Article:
Thursday, 13 July 2006: 1:30 PM
Hall of Ideas G-J (Monona Terrace Community and Convention Center)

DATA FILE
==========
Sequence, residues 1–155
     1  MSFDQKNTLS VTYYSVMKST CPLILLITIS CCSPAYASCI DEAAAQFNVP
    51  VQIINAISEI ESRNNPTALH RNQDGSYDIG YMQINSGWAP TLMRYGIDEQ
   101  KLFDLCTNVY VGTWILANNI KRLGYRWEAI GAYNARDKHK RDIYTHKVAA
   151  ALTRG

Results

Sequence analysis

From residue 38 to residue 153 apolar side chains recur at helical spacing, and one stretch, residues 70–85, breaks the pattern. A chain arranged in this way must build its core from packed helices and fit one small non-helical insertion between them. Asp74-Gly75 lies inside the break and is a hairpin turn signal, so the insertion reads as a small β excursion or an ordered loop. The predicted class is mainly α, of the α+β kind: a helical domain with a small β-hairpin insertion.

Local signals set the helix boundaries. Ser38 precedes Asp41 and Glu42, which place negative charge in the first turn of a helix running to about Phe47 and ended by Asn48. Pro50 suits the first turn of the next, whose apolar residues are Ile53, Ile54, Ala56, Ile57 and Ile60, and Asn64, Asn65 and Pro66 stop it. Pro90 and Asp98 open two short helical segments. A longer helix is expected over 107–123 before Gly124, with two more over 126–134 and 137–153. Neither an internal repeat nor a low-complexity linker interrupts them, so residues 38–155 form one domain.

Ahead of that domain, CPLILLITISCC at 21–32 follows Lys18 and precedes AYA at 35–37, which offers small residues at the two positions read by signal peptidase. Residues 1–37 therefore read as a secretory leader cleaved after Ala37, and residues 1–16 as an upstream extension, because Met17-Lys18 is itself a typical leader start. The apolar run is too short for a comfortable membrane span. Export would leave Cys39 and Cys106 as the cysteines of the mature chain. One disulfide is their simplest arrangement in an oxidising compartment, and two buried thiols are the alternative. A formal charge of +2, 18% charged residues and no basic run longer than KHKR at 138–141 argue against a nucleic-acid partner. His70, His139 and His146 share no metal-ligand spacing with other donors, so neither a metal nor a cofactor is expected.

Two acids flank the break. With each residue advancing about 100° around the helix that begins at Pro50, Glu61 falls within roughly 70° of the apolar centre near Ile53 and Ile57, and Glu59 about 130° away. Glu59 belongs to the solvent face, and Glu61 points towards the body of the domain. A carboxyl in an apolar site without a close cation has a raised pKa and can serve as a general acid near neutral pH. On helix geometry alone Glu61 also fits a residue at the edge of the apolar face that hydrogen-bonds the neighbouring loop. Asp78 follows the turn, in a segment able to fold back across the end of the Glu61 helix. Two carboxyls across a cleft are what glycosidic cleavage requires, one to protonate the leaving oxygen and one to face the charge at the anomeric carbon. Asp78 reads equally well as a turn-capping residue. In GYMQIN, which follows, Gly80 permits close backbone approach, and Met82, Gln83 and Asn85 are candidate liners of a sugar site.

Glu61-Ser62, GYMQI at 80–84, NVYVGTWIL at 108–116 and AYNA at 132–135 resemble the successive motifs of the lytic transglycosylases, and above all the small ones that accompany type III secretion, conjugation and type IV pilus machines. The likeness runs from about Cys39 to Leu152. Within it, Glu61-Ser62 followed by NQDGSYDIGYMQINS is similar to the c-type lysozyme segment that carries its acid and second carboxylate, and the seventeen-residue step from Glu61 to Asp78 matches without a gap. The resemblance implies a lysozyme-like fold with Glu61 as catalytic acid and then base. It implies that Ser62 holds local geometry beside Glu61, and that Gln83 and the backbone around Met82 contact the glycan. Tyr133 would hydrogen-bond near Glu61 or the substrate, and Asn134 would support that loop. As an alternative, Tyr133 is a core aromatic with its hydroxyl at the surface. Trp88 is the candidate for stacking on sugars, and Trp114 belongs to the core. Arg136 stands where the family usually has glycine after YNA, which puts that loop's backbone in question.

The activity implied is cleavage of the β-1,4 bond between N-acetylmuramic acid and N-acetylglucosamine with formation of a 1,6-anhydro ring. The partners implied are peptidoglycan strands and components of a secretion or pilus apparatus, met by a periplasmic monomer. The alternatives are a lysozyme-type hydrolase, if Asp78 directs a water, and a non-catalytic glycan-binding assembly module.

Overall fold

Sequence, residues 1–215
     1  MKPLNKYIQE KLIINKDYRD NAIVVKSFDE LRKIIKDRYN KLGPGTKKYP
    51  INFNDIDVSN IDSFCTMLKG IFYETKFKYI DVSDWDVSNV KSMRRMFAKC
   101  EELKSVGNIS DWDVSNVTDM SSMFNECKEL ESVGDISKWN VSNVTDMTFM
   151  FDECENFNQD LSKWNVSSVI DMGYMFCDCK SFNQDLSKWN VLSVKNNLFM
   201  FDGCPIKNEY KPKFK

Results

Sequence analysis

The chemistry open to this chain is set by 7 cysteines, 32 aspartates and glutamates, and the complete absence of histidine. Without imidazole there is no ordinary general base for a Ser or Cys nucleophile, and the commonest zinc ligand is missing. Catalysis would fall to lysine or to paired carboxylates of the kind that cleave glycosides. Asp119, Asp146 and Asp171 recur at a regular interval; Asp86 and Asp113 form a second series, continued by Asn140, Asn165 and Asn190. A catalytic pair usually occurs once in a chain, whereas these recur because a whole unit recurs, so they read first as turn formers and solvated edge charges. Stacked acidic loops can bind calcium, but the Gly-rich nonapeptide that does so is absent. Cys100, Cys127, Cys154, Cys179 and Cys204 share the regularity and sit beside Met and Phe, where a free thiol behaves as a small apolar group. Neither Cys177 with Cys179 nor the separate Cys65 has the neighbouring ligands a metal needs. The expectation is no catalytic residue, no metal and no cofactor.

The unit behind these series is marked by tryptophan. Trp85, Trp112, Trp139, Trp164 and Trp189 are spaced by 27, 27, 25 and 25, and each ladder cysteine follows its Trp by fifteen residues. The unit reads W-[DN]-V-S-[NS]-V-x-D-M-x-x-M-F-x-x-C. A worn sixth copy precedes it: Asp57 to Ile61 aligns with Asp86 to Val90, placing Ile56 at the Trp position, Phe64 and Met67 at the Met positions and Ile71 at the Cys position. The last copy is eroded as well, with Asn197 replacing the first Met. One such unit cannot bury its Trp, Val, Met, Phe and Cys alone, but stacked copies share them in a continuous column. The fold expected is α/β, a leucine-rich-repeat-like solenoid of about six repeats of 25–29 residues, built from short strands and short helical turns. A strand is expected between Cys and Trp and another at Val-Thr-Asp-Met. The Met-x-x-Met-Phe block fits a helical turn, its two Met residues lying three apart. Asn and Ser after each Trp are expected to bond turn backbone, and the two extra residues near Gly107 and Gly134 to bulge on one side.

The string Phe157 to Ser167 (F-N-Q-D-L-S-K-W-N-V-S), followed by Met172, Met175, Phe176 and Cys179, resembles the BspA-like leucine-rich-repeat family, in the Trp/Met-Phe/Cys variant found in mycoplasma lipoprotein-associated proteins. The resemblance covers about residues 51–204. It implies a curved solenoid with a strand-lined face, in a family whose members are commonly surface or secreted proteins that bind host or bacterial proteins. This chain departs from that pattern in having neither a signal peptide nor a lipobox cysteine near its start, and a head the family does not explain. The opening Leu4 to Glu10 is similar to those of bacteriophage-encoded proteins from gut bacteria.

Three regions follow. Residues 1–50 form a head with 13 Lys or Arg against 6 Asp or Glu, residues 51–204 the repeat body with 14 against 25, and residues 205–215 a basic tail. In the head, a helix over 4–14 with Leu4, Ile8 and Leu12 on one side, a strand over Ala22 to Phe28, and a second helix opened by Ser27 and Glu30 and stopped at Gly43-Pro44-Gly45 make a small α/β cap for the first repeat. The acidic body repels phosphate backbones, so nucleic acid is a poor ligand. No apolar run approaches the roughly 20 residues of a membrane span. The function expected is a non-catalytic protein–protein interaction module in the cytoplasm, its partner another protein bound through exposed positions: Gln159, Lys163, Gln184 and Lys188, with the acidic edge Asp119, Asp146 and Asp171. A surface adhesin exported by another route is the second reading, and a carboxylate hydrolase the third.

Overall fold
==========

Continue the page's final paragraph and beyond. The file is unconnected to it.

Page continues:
The ability of a high-resolution three-dimensional cloud model to reproduce correctly the observed cloud structure is tested in a case study of low-level clouds occurred over north central Oklahoma on March 3, 2000. The case study is based on continuous ground-based observations from the Atmospheric Radiation Measurement Program, in-cloud aircraft observations, as well as imagery from the Terra platform and NASA high-flying ER-2 aircraft. Instead of limiting the model-to-observation comparison to a few highly integrated cloud characteristics, such as a cloud fraction or averaged liquid water profile, we employ a concept of an instrument simulator. In the approach, applied here to in-situ, ground-based, satellite, and suborbital measurements, we simulate how a specific sensor would see the synthetic cloud fields, focusing not only on a faithful representation of measured parameters but also on mimicking sensor?s sampling methods. For example, aircraft observations are compared with analogous samples of model fields taken along the simulated flight paths and simulated top of the atmosphere radiances, obtained using a 3D radiative transfer model, are sampled using specific instrument pixel size for a more direct comparison with observations. Benefits and limitations of the approach will be discussed and statistical significance of the comparisons will be assessed.
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